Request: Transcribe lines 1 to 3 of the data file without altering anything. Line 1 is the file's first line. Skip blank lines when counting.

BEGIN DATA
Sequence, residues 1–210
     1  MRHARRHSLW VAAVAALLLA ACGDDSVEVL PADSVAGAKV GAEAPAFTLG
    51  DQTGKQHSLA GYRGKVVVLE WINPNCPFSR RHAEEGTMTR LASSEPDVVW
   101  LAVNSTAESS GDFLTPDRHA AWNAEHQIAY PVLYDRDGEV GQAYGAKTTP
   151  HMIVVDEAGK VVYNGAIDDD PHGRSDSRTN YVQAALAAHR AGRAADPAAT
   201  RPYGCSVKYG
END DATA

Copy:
Sequence, residues 1–210
     1  MRHARRHSLW VAAVAALLLA ACGDDSVEVL PADSVAGAKV GAEAPAFTLG
    51  DQTGKQHSLA GYRGKVVVLE WINPNCPFSR RHAEEGTMTR LASSEPDVVW